The Litebook is the size of a smart phone and features LED lights invented in Japan. When turned on, the device emits wave lengths which boost serotonin in the brain. “The theory was that the fatigue that chemotherapy patients face is due to the disruption of the circadian clock by the chemotherapy drugs and that disruption is nearly identical to the disruption caused by jetlag,” says Pederson.
Pederson claims studies have shown that use of The Litebook amongst cancer patients can help eliminate the profound fatigue they encounter. Judges agreed, awarding Pederson with a “First Prize” at the inaugural C3 Prize competition.
"For us the biggest issue in cancer care is awareness. We would use the money from the prize to create an awareness campaign that can go out to cancer societies, oncology specialists and online support groups for cancer survivors.”
After the live pitches for the second year of the program, held this past November in Mexico City as part of the Union for International Cancer Control World Cancer Leaders’ Summit, Hernani Oliveira, a university researcher from Portugal, was presented the Grand Prize for his work on what’s called the Hope Project. This is a two-part app designed for pediatric cancer patients and their parents. The app takes the form of a video game, in which the main character becomes a Superhero. While performing tasks, the patient learns to understand what he or she is encountering during their cancer treatment. At the same time, he or she is encouraged to engage in physical activity that may help stimulate the body in positive ways.
“In the past few years, several studies presented an association between increased physical activity levels in childhood cancer patients and an improvement in quality of life during hospitalization,” says Oliveira.
With the prize, Oliveira aims to perform more tests to improve the app and launch it in three different languages, including English, French and Portuguese.
Kevin Bambury from Ireland is the co-founder of ONCOasisst, an interactive app which helps oncology professionals diagnose and manage treatment.
Maryland’s Howard Isenstein has created CarePrompter, an app that enables more open channels of communications between patients and their clinicians so that crucial needs are met in terms of care.
Charlotte Vander Stichele, a graphic designer from Belgium, is creating a Cancer Patient Decision Aid, an interactive tool that allows doctors and patients to interact about decision making points when faced with a cancer diagnosis and treatments.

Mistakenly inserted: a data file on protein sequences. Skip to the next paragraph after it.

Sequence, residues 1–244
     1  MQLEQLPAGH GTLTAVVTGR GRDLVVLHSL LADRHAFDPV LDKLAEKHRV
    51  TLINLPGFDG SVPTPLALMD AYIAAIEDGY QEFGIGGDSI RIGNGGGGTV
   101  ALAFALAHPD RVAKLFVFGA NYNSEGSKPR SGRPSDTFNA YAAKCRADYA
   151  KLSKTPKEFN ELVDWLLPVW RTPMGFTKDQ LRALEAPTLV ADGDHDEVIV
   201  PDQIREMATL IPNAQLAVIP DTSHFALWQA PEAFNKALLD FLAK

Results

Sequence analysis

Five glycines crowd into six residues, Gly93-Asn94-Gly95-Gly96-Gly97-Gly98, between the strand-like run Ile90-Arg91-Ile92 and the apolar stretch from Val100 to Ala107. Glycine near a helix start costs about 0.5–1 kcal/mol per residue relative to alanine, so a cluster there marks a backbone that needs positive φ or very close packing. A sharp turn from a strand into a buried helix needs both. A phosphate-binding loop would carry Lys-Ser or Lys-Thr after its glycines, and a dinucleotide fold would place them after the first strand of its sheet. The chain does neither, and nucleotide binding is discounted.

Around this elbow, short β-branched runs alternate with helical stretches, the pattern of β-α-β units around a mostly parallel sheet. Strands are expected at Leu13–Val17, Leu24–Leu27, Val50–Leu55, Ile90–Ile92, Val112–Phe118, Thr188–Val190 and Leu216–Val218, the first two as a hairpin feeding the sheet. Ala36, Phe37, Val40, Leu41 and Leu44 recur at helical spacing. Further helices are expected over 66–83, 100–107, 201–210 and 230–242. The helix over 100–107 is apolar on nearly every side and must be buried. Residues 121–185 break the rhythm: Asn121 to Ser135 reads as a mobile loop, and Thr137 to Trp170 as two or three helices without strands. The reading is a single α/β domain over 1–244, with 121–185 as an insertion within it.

Though all these innovative platforms could certainly lead to a brighter outcome for cancer patients, 2017 C3 Prize runner-up Cory Kidd has developed a platform that seems far-fetched now, but could be commonplace in the not too distant future.
Kidd, the CEO of Catalia Health, a San Francisco based company, has created the Mabu Wellness Coach Platform. In reality, Mabu is a cute looking AI robot with a computer interface. Mabu can monitor someone’s health, send encrypted messages to a doctor and even read the emotions on a patient’s face.
“This robot is not making a diagnosis,” says Kidd. “It’s not recommending treatment. That’s still something that the doctors do. Once the patient has that diagnosis and has been given a treatment plan, this device is helping patients stick with that.”
Martha Singleton, a cancer survivor who is one of Mabu’s trial patients, agrees. “She’s [Mabu] here mainly to remind us about our medication,” she says admiringly. “Here, all I see is a robot, but in a way, you actually feel scared. She says ‘I’ll call your doctor,’ and that’s like something a friend would do.”
While the heavy lifting in the fight against cancer will still be done with medical based treatments, the launch of the C3 Prize is clearly showing that apps, devices and now robots are about to provide much needed non-treatment support for patients in need. “We also saw transportation as an issue this year – another challenge faced by patients and their loved ones is getting to treatment promptly,” says Reisenauer. “I think that these ideas show the value of the C3 Prize, as there are specific issues and challenges that provide a new perspective to the treatment journey, and that have not yet been solved.”